Since then with the economic development of Seoul, the surrounding community has swallowed up the small camp which some citizens of Seoul view as a eye sore. It also has been targeted by anti-US protesters from Hanchongryun that burned a hole in the US flag on the post. Recently the camp has been targeted by protesters angered by not being paid for services rendered while working on the project to expand Camp Humphreys.
The Far East District Compound is scheduled to be handed over back to the Korean government as part of the USFK transformation plan which has led to internal Korean fight between the ROK Ministry of Defense and Seoul National University over who really owns the land. Currently the compound is scheduled to close by 2012 and the land will be sold by the Ministry of Defense to the Korean National Housing Corporation. The camp is 142,000 square feet in size and is estimated that each 10.8 square feet in the compound is worth $85,000. The property is worth hundreds of millions of dollars thus making it quite clear why Seoul National University and the Ministry Defense are fighting over who controls the property.
Located in the far northern Dobong-gu suburb of Seoul is the small US military installation Camp Jackson. The camp was named after Private First Class George W. Jackson who was awarded the Silver Star during the Korean War. The camp is one of the smallest in Korea but probably has the prettiest back drop of any camp with the massive granite spires of beautiful Mt. Dobong soaring over the camp.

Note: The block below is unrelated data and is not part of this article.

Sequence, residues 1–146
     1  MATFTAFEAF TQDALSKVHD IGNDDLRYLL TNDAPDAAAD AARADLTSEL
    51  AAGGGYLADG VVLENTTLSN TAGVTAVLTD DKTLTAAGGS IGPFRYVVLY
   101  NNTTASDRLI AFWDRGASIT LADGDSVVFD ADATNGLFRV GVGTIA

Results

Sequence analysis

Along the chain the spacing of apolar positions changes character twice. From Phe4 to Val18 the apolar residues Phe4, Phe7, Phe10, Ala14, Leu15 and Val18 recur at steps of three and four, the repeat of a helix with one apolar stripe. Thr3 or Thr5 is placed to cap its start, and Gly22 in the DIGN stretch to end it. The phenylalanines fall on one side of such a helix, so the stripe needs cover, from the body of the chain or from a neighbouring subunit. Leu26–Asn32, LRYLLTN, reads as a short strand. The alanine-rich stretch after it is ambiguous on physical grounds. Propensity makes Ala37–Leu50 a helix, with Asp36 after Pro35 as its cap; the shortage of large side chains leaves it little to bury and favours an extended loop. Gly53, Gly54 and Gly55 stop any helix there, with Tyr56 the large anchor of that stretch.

Camp Jackson used to be home to a field artillery Target Acquisition Battery that was assigned about 100 soldiers on the camp. In 1968 on the slopes of Mt. Dobong outside of the camp a continuing gun fight with Korean soldiers against North Korean infiltrators sent to kill Korean President Park Chung-hee erupted and could be heard from the camp.
Today there is no field artillery unit stationed on the camp any more and instead Camp Jackson is home to the Wightmen Non-commissioned Officer Academy that trains newly promoted US Army E-5 sergeants in basic NCO skills. Camp Jackson is also home to the very unique Korean Augmentee to the United States Army (KATUSA) training academy. Korea is the one US ally that has a sizable number of soldiers that serve side by side in US units. These Korean Army soldiers are called KATUSAs. The KATUSA program was first initiated in the early years of the Korean War to provide US units with translators and local cultural knowledge. KATUSA continue to provide these important capabilities along with conducting clerical, driving, maintenance, etc. work within their respective units.
All ROK Army draftees that are selected for the KATUSA program after passing rigorous English language tests must attend the KATUSA academy at Camp Jackson. For all KATUSAs this is their first initiation into serving with US soldiers. The NCOs that train both the NCOs and KATUSAs at the academy are of high quality but unfortunately a sexual assault against a KATUSA trainee mired the school’s image a few years ago. Since then the academy has had a clean record and continues to produce great young NCOs and KATUSA soldiers for the United States Forces Korea.
Camp Jackson is scheduled to be handed back over to the Korean government as part of the USFK transformation plan by 2012.